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Self-storage industrial space poised to expand

Trend is due to shrinking living spaces, rising consumerism and higher business space rental costs.

W ITH changing lifestyles and the burgeoning e-commerce trade, demand for self-storage industrial spaces is set to progress to a new growth phase within and beyond Singapore.

Shrinking living spaces, rising consumerism and higher business space rental costs have led to a growing need for affordable and flexible storage solutions especially in recent years. Self-storage spaces have proven to be a viable alternative solution for a growing pool of households, business individuals and small-and-medium enterprises (SMEs) looking to outsource their storage needs. A "Do-It-Yourself" (DIY) storage concept for self-storage spaces allow users to lease storage space and keep their goods and belongings in specialised and secure facilities that are managed by self-storage operators. Stemming from multi-faceted household and business needs and lifestyle passions, a wide array of personal belongings ranging from collectibles, equipment, documents and furniture to goods merchandise are now being stored in self-storage facilities that are extending across Singapore over the last five years.

The startup business community, in particular the e-commerce trade, is also embracing self-storage facilities for their logistical needs. More entrepreneurs from the e-commerce trade are setting up online stores or utilising online community marketplaces for the marketing and merchandising of their goods and services. Apart from enjoying the dual benefits of operational flexibility - operating from home and retailing their products online, these e-commerce entrepreneurs leverage the physical brick-and-mortar property space for their back-of-house operations - using self-storage facilities provided by external space providers for their inventory needs.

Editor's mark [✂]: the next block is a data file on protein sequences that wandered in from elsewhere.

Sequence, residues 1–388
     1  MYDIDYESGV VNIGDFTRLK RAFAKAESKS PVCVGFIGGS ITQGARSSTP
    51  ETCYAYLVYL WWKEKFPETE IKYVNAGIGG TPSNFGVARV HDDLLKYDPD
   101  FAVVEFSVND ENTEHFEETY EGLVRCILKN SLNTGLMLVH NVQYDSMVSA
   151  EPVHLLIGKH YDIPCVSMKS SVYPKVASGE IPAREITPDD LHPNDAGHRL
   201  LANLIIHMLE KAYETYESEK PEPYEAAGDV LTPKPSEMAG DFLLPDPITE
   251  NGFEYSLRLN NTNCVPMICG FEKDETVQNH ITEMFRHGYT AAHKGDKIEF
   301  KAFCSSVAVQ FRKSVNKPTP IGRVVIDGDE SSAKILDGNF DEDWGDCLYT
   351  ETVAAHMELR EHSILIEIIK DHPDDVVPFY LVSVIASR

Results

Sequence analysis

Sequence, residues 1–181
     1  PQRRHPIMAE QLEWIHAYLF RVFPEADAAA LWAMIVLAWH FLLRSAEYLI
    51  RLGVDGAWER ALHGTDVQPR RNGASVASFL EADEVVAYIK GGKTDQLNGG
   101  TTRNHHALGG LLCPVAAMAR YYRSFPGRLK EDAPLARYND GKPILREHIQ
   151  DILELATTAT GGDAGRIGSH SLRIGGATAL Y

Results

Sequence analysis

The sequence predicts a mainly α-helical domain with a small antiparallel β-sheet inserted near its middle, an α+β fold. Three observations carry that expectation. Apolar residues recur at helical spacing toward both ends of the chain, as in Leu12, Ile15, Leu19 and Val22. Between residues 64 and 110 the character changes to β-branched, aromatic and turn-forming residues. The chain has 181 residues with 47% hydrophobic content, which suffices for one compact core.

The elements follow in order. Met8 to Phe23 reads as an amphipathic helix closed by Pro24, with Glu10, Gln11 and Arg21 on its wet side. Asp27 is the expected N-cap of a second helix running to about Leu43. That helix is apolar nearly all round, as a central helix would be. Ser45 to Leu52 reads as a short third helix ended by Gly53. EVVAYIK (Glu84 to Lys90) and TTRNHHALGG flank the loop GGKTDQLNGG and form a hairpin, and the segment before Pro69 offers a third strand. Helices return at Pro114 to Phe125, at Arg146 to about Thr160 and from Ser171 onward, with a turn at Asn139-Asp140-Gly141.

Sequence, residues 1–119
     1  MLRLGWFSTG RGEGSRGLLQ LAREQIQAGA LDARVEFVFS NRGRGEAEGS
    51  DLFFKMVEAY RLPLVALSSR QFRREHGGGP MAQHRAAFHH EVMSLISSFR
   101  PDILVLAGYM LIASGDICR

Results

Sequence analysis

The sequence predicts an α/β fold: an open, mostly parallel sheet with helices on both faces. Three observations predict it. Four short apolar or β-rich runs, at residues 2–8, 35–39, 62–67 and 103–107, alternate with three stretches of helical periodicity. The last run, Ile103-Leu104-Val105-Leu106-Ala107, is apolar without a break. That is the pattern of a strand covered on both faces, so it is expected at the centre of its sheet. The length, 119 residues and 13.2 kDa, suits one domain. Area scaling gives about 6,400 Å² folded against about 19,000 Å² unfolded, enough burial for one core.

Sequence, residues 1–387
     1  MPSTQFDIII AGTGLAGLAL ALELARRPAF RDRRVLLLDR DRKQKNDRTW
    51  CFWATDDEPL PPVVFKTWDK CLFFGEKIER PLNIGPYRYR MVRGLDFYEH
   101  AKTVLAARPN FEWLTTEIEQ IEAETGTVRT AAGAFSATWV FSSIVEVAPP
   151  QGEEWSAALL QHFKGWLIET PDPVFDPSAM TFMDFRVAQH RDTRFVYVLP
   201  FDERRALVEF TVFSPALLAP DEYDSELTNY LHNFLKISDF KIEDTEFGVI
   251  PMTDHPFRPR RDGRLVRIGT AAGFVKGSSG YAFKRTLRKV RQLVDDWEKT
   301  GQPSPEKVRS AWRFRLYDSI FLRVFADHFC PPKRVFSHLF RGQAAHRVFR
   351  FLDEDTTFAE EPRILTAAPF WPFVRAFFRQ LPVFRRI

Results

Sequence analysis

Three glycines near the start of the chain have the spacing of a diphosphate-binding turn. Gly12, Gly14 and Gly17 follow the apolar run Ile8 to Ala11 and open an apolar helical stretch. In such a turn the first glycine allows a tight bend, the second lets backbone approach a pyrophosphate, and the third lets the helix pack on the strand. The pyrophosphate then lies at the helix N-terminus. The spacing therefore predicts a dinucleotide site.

Examples of e-commerce enterprises that lease self-storage facilities include Rainbow Lab (a trading and lifestyle services company with a focus on online Hello Kitty products) and Animal Merchandise (a popular Singapore brand retailer that also sells animal-themed homeware, gifts and cushions in leading department stores such as Takashimaya, Robinsons, Metro, BHG, OG and Tangs).

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MOVING TOWARDS CUSTOMISATION AND INTEGRATION

Self-storage operators have moved beyond purely offering fully enclosed and flexible sizes of storage spaces (ranging from less than 16 square feet to more than 300 sq ft of leasable space) and varying lease terms (from as short as two weeks to a year). Most of them provide security services and 24-hour access for users or customers with personalised means of entry such as biometric fingerprint access. Some operators also offer climate-controlled air-conditioned storage facilities to store delicate collectibles and equipment.

Wine storage cellars, in particular, are emerging in the self-storage space footprint as a stand-alone facility or an integrated facility, combined with self-storage and warehouse spaces. This arises from the growing demand for artisanal wine storage from both wine dealers and enthusiasts, along with increased affluence and lifestyle changes.

Other operators are extending their services to offering online platforms or advisory services to help users assess the amount of space required to a suite of storage, office and distribution services model. Some provide features that complement their storage facilities, such as in-house serviced offices, courier services and even retail and lounge spaces for customers' guests.

The listed rental rates for self-storage units typically range from S$60 to S$500 per month, depending on the unit size and provision of air-conditioning. For storage sizes between 90 and 110 sq ft, monthly rentals range from S$320 to S$668 (subject to location and provision of air-conditioning).

Discounts could apply for storage duration beyond three months. Monthly rents of air-conditioned serviced offices range from S$5 to S$10 per square foot (psf) depending on the leasable area, while wine storage units command S$3 to S$8 psf and warehouse rentals from S$1 to S$2.50 psf, depending on the unit size. Some dedicated wine storage facilities even command storage charges by the bottle, at S$0.35 to S$0.40 per bottle per month or S$3.60 per case of 12 bottles per month.